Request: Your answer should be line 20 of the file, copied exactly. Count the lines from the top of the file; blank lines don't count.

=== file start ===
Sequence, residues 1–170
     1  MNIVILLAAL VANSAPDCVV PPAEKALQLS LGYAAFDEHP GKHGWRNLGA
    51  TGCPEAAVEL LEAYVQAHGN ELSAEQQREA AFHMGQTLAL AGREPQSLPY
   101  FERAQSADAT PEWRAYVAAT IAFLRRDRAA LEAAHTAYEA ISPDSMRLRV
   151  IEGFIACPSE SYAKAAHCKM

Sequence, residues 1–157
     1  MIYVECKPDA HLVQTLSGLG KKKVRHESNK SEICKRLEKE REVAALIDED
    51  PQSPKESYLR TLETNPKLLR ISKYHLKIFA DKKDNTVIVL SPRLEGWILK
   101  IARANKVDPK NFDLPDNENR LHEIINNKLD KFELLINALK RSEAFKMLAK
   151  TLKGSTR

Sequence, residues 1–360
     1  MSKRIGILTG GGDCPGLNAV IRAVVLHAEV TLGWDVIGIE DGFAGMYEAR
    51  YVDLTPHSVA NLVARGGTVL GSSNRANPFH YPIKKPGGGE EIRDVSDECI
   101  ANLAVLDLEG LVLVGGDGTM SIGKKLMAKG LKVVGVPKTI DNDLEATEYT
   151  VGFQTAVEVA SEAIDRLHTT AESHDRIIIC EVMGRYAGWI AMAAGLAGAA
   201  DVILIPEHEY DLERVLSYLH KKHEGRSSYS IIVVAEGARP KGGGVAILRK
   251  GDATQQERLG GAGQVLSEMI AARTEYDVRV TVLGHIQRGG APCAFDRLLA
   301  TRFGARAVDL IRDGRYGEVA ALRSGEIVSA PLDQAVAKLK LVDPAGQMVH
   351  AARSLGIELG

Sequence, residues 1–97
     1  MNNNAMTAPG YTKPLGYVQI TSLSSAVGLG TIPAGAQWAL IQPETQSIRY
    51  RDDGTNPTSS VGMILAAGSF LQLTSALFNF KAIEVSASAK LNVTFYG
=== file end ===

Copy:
Sequence, residues 1–97